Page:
At least 10 people have been killed and many remain trapped after a four-storey building collapsed in the Indian city of Mumbai, officials say.
The cause of the collapse in the Dongri area of southern Mumbai is not clear.
Reports say the building was up to 100 years old. Recent monsoon flooding may also have been a factor.
It's estimated disasters such as this kill about 2,000 people a year in India. Poor construction standards and dilapidated buildings are often blamed.
Rescue teams from the fire department and the national disaster response force are looking for those who remain trapped by the debris.
Some 15 families are believed to have been living in the building, police said. Ten people have been declared dead, including three children. Eight others have been admitted to hospital.
Local news reports showed images of people forming a human chain to remove debris with their bare hands.
"We heard a loud noise. Everybody shouted, 'building is falling, building is falling'. I ran. It felt like a big earthquake," a witness to the collapse told the NDTV news channel.
Prime Minister Narendra Modi has offered his condolences to the families of the dead.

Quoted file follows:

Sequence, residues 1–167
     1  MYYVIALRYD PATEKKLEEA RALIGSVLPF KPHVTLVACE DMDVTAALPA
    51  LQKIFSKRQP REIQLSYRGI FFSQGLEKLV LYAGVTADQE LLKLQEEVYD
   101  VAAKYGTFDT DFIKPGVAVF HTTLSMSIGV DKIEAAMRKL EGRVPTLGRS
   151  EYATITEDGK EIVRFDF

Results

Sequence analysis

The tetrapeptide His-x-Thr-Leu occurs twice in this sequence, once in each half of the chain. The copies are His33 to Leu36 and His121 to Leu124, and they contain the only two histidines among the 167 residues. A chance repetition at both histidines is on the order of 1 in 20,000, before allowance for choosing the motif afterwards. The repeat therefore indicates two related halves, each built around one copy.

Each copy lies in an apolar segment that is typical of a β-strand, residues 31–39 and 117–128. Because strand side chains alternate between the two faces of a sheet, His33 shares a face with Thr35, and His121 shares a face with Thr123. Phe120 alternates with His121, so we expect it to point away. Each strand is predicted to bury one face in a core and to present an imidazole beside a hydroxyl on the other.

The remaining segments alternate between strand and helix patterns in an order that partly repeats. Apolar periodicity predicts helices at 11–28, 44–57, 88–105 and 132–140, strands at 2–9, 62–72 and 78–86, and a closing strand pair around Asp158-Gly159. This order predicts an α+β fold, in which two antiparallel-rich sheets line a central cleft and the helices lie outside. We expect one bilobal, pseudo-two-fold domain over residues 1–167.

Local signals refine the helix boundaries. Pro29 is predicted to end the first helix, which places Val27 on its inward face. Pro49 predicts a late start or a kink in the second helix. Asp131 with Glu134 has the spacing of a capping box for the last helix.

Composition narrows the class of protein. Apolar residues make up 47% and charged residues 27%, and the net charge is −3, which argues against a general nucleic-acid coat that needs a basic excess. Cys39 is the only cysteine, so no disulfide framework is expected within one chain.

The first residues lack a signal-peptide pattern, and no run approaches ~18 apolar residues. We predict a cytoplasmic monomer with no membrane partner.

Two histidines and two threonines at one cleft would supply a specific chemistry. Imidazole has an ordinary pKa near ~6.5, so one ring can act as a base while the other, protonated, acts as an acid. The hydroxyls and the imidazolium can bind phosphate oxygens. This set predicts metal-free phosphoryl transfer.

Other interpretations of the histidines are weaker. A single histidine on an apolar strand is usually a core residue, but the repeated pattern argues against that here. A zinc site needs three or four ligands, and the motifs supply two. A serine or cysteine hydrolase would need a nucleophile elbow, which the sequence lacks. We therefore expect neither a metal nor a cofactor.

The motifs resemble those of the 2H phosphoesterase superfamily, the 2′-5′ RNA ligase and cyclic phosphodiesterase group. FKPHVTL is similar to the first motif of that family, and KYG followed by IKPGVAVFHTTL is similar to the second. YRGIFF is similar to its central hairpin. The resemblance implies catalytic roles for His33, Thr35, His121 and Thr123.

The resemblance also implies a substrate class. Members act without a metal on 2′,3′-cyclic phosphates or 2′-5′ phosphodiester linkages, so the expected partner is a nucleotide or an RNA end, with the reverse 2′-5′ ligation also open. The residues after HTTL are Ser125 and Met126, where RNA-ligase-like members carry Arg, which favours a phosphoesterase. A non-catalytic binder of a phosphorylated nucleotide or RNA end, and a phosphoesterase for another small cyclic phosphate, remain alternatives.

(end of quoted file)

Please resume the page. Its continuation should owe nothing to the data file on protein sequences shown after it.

Collapse of a building in Mumbai’s Dongri is anguishing. My condolences to the families of those who lost their lives. I hope the injured recover soon. Maharashtra Government, NDRF and local authorities are working on rescue operations & assisting those in need: PM @narendramodi— PMO India (@PMOIndia) July 16, 2019
Dozens of buildings have collapsed in Mumbai and other parts of India in recent years, often during the monsoon season between June and September.
Rescuers navigate tiny lanes
Mayuresh Konnur, BBC Marathi in Mumbai
The roads leading to Tandel street, where the Kesarbai building stood, are buzzing with sirens from ambulances and fire trucks.
Police have barricaded much of the way, allowing only rescuers and hospital staff to pass through. It's a crowded neighbourhood that is full of tiny lanes. Tandel street itself is so narrow that only one person can walk through it comfortably at a time.
So, locals have formed a human chain that stretches through the narrow lane and into the wider main street to pass through any materials necessary for the rescue. Ambulances and fire trucks have been forced to park some distance away as the lane is too narrow for them to enter. The monsoon rains, which have brought Mumbai to a standstill in recent weeks, have fortunately let up.
Cries of fear and concerned voices can be heard all around as people await news of their friends or relatives. Local residents are watching the rescue from their balconies; they appear both worried about their neighbours and scared for themselves.
In August 2017, three different buildings collapsed in Mumbai.
The city witnessed one of its worst accidents in 2013 when a building still under construction collapsed in the Thane neighbourhood, killing more than 70 people.